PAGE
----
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There is one positive aspect to the new hate crime bill

Today saw the long-awaited release of the General Scheme of Minister McEntee’s new Hate Crime Bill. The bill will introduce several aggravated offences which will increase penalties for crimes “motivated by prejudice.” Assuming, of course, that those offences are targeted at those with “protected characteristics.”

Race; colour; nationality; religion, ethnic or national origin; sexual orientation; gender; or disability. Those are the “protected characteristics” this bill covers. The inclusion of gender is going to be interesting, and by ‘interesting’ I mean activists are going to weaponize it the second it goes live and we’re finally going to be able to get to see how a trans version of the Ashers bakery case would have played out in an Irish court.

According to the press release which accompanied the release of the General Scheme the bill will introduce “tough sentences for hate crimes.” It quotes Minister McEntee as saying that we must “show victims that we will recognise the true harm of these crimes.” Presumably because there are still people in the civil service who think that using a law, which could lead to a person being imprisoned for up to 5 years for saying the wrong thing, primarily to signal social solidarity is a perfectly reasonable and respectable idea.

The Minister is also quoted as saying “we are determined to stamp out prejudice and hate.” That’s an unsurprising quote – politicians love declaring they’re going to stamp out or wage war on things, preferably things that cannot fight back, like sugar or the government of Libya, and no one bothered to learn from George Bush that you can’t actually win a war against an emotion because they live in the human heart.

That quote would also indicate that if you can find a way to be a hateful, prejudiced ass to your neighbour the Irish Government has no strong views on you actually being a hateful, prejudiced ass to your neighbour. After all, if this is the list of prejudice and hatred the Government has decided to wage war on, everything else must be, at the very worst, something akin to Switzerland in WW2. Or Switzerland in WW1. Switzerland in general actually.

The bill itself is a mixed bag of things that Irish NGOs, and to an extent the Department of Justice, fought to have included and sanity checks that have been introduced to limit the damage those inclusions would have caused to civic society.

Incitement to hatred is broadened, and now includes reckless behaviour, but there are no cut-outs in the law to protect speech which is of legitimate scientific, cultural, or political importance.  There are defences provided in the bill that include things like “a reasonable and genuine contribution to literary, artistic, political, scientific, or academic discourse,”  but those defences are explicitly stated to only actually cover the republication of material which could be classed as an incitement to hatred, not its initial utterance. This means that what you say can be reported upon or noted, but you’re still going to prison for having said it.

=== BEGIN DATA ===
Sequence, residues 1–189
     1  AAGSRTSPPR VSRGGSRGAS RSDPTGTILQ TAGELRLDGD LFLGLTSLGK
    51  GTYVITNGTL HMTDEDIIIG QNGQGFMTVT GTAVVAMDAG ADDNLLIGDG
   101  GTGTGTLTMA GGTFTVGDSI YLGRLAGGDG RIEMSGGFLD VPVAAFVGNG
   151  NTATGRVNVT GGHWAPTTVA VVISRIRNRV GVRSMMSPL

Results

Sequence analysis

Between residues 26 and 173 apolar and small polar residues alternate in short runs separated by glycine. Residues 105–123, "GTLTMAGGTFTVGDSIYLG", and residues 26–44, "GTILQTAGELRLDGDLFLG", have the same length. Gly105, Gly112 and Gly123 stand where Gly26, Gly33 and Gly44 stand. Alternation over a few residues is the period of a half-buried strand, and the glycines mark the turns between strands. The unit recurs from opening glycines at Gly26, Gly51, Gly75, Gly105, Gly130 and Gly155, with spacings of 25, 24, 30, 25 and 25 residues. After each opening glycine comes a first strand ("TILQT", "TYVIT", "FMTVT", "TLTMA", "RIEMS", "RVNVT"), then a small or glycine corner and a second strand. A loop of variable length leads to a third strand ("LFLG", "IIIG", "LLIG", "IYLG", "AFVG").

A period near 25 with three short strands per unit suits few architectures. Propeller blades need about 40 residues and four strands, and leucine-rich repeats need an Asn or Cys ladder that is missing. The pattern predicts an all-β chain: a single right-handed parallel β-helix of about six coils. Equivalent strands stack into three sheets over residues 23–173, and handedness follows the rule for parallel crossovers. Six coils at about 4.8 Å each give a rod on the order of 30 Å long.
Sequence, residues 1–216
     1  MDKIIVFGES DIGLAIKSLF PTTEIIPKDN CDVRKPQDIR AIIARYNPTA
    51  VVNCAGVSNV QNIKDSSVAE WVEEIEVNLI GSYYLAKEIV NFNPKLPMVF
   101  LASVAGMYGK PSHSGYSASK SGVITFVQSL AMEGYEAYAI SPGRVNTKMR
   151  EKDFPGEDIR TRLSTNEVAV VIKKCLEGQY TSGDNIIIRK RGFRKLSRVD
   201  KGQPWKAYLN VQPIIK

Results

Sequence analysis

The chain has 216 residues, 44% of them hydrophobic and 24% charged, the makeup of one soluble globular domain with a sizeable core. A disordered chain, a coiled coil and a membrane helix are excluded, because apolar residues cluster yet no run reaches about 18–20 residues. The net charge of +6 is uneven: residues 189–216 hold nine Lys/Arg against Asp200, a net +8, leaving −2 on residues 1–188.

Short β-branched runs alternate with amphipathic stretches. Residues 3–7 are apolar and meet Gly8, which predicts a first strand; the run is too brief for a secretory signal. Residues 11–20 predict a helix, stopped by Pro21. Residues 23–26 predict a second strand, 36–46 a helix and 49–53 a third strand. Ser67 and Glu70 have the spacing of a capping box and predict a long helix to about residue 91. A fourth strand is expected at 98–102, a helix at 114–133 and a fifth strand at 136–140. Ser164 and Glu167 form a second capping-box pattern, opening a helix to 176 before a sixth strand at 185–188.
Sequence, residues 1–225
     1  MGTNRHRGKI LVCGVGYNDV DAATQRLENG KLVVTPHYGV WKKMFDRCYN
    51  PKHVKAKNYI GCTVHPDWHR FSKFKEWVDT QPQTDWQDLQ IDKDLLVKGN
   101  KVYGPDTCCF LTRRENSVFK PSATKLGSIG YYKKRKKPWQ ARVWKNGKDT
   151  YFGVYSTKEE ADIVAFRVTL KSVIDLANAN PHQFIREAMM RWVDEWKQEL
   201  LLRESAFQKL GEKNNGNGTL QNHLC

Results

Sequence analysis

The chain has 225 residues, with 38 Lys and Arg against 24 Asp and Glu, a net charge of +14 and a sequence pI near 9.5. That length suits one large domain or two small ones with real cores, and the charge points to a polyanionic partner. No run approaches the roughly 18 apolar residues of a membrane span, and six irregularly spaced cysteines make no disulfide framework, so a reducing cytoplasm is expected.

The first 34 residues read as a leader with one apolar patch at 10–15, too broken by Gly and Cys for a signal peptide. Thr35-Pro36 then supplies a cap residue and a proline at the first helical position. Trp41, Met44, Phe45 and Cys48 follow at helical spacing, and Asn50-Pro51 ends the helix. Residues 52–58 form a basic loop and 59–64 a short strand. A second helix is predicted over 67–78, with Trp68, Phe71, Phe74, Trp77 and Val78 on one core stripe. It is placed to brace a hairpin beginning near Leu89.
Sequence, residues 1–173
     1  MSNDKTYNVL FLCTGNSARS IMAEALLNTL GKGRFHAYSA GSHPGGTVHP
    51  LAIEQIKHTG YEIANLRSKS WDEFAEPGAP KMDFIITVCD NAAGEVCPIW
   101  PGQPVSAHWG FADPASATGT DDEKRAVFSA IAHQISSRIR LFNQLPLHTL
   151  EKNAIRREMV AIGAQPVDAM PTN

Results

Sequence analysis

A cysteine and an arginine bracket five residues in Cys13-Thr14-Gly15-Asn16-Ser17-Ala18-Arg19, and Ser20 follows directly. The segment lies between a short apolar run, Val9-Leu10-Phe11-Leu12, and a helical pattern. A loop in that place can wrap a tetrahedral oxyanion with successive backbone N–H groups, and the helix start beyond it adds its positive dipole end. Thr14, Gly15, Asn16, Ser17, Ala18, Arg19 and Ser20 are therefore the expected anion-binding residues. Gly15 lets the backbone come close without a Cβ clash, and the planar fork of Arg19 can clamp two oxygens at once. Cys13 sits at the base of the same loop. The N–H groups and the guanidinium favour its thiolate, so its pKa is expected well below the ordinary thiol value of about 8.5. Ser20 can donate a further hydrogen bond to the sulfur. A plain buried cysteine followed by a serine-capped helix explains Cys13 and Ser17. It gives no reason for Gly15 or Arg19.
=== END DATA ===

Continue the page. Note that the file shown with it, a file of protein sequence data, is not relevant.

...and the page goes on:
Victim’s perceptions can be taken into account by judges looking to determine if a crime was aggravated by prejudice, but the views of the victim are explicitly stated to not be enough, on their own, to prove that a crime was aggravated thusly. That will be deeply disappointing to a number of NGOs who seemed to want a situation in which anyone saying that something was racist meant it was automatically deemed to be racist by the courts.

Section 6 does reverse part of the burden of proof, meaning the state will assume you did something and you’ll actually have to demonstrate that you did not, but the Bill states that doing so only requires you to “show, on the balance of probabilities, that this was not the case.”

Even with a requirement of ‘balance of probabilities’ instead of ‘beyond a reasonable doubt’ it’s not a situation that will help the accused, but the NGOs main complaint with the old law around incitement to hatred was that not enough people were prosecuted under it because it was too difficult to prove intent, and so here we are. The NGOs wanted as much of the burden of proof placed on the accused as possible because they unironically believe that using the full resources and weight of the state to crush the accused, and having that person desperately try and prove their innocent using whatever twigs, rocks, and scraps of paper they have on hand, is the best way to ensure justice for all.

On aggravated offences the actual additional punishment you’ll get for being motivated by prejudice depends on the crime you’re accused of, but it could lead to the addition of two years to your sentence if your wrong actions are determined to have been caused by specific forms of wrong thinking.

There is, however, one undeniable positive consequence of enacting the bill as written – we’ll never again have to hear a Government Minister or TD embarrass themselves when talking about Xinjiang province, and the Chinese genocide there, as the bill makes it an offence to “grossly trivialise any act falling within the definition of a ‘genocide.’” Sadly, as there’s no limit on what genocides the bill covers, it also means I will have to stop making jokes about the sacking of Carthage for fear of being hit with a term of imprisonment not exceeding 12 months.

You can read the General Scheme of the Bill HERE.

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